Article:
Tony Geraci: Rebel with a Cause

By Becky Schilling, Editor

The goal of the Great Kid Farm is to teach students about farming, healthy eating and life. Before visiting, the students decide what plants they want to grow in their school’s garden. Geraci and Strella then start those plants in one of the farm’s greenhouses. When the students visit the farm, they spend the day learning and eating, and when they return to their schools, they plant their own school garden.

“A lot of kids are so far removed from nature,” Geraci says. “You can talk to a kid about the virtues of eating whole­some food, but until that kid plucks a cherry tomato off a line he planted and pops it into his mouth and that flavor explosion happens, that’s a moment you cannot teach in a book. It’s that moment that forever changes the way that kid looks at food. It’s no longer a consumptive act; it becomes far greater. That’s the place where you can have a reasonable conversation about eating habits and their bodies.”

Geraci’s passion for the farm and his students is in some ways born out of an atonement for his past. “I was a food manufacture broker and I got very wealthy, but I did it on the backs of a lot of kids,” he says. “We have an entire generation of kids for whom fruit is a flavor and not a food. We have to get them back to a place where food is real. This is doable. We put a man on a moon in less than a decade and what I’m talking about is certainly not rocket science. We just need to get off of our asses, stop talking about it and holding our kids hostage to big food manufacturers and just do it.”

Real-world experience: “My philosophy is that everything I do needs to have a connection to a kid,” Geraci says. “If something doesn’t have a direct connection to a kid, it’s not worth doing.”

That philosophy is at play in another of Geraci’s initiatives—student-run restaurants. Junior- and senior-high students from the district’s culinary programs run the three restaurants, which are named Great Kids Café. The students have half-day externships, during which time they work in the restaurants and the district’s cafeterias and central kitchen. “The student will learn business and how to be successful and maybe they will springboard this opportunity into business or culinary school,” Geraci says.

Each of the three restaurants will have a different concept. One, in the district’s central office, is like a corporate B&I account, and another is a cross between a Starbucks and Panera Bread. Produce from the farm is used in the restaurants. The first location opened earlier this month.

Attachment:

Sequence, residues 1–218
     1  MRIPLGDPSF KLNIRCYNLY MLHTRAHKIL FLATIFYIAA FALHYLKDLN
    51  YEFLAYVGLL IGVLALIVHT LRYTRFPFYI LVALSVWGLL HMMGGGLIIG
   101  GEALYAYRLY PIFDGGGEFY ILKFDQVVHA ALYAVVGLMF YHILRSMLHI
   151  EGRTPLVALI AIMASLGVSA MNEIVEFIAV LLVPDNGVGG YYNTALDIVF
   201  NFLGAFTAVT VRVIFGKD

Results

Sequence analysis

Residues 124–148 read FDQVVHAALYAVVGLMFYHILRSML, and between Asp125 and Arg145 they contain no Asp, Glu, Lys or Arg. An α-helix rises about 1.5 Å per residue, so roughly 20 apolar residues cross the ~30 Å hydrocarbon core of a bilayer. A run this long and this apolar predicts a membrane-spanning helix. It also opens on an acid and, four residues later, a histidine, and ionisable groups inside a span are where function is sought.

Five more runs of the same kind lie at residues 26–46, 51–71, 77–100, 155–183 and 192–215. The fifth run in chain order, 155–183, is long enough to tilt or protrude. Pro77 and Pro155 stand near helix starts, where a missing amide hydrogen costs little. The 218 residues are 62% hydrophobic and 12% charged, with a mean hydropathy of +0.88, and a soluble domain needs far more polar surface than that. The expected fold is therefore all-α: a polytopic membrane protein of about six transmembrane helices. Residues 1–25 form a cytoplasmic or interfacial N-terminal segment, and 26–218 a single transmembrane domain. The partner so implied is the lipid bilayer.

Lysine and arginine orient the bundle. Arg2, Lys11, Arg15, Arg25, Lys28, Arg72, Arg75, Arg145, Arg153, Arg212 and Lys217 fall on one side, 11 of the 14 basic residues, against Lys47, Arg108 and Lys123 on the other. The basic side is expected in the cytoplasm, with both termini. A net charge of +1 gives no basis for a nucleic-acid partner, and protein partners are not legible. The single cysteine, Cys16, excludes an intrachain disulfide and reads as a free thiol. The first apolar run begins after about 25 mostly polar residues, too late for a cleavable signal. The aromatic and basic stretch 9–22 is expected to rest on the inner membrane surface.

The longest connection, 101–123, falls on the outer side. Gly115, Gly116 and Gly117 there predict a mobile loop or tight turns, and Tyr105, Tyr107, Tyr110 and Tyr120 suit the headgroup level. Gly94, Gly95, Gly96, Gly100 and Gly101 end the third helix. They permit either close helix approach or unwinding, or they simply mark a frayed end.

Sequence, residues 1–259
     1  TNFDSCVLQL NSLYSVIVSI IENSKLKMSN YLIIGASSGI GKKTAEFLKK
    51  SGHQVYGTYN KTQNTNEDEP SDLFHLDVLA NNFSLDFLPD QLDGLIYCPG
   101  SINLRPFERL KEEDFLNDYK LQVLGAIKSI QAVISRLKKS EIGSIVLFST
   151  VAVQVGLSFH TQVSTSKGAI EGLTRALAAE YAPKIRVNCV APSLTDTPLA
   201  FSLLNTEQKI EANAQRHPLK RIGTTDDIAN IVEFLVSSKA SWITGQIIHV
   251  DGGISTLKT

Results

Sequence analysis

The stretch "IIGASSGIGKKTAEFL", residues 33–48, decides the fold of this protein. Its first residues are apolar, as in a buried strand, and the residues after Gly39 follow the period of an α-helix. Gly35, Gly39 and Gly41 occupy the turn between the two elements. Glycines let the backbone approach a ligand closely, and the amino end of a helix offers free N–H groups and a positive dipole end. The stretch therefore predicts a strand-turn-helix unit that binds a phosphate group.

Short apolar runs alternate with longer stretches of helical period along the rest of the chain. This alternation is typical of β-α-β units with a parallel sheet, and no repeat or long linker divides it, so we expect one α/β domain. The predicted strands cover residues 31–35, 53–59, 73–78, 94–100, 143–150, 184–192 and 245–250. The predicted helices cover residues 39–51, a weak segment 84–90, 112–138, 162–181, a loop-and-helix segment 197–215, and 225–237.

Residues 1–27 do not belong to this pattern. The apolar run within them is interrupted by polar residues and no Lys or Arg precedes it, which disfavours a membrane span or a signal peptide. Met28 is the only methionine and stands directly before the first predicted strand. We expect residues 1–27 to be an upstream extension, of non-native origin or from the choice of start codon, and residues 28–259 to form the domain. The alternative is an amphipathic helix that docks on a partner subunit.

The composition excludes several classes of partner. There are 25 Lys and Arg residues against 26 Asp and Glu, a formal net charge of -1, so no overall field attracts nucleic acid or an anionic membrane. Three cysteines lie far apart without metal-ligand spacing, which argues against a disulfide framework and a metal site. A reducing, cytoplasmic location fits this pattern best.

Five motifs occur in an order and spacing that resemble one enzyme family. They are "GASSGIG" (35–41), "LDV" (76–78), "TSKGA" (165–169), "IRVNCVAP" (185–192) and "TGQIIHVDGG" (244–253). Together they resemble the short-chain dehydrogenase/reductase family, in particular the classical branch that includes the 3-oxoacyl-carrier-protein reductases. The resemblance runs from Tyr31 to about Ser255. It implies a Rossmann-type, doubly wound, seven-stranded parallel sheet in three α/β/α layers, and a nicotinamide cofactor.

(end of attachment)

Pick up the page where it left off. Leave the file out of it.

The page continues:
Menu changes: Geraci is also making changes to the cafeterias’ offerings. All fruits and vegetables are grown in Maryland. Geraci started Meatless Mondays, with offerings such as red beans and rice, vegetarian lasagna and hummus wraps, and eliminated pizza as a daily menu selection to try to push students into trying different and healthier options. The schools are also making the switch from pre-plated meals to cooking meals in house.

Another of Geraci’s initiatives is called No Thank You Bites. The program is designed to get students to try new items. If the items go over well, Geraci adds them to the menus. Students who choose to participate are given a two-ounce bite of a fruit, vegetable or entrée to try. If they try the item, they are given a star. At the end of the month, the students with stars are invited to a constellation party, during which time Geraci and his cafeteria managers are able to talk in a non-threatening environment to the students about what they like and dislike about the foodservice program.

Another big project Geraci tackled was the district’s low breakfast participation, which was at 8,500 meals a day. Geraci got the district approved for Provision II breakfast and added multiple serving options. He started breakfast in the classroom, “second chance” breakfast and breakfast kiosks to give students every opportunity to participate. He also started a boxed grab-and-go break­fast program that contains a low-sugar cereal, 100% juice drink, a whole-grain snack and a carton of milk. To make the meals more attractive, he partnered with the Baltimore Ravens and Orioles sports teams. The boxes are now covered with the teams’ colors and logos. In addition, one out of every 20 boxes has a winning code printed on the bottom. The prizes range from free music downloads to tickets to the teams’ games. In the first 60 days after starting the boxed breakfast option, participation increased more than 400% to reach 35,000 breakfasts served a day.

Geraci says one reason the breakfast program has been a hit is because older students help by assembling boxes and picking up trash. They receive community service hours for their work. “We found the younger kids couldn’t wait to be older so they could run the program,” Geraci says. “We get caught up in the minutia of teaching a test and we forget these are kids and we should be teaching them leadership and community skills.”

Geraci’s first 12 months in the district have not only garnered the attention and respect of his students but also the community. Not bad for a self-professed rule breaker.

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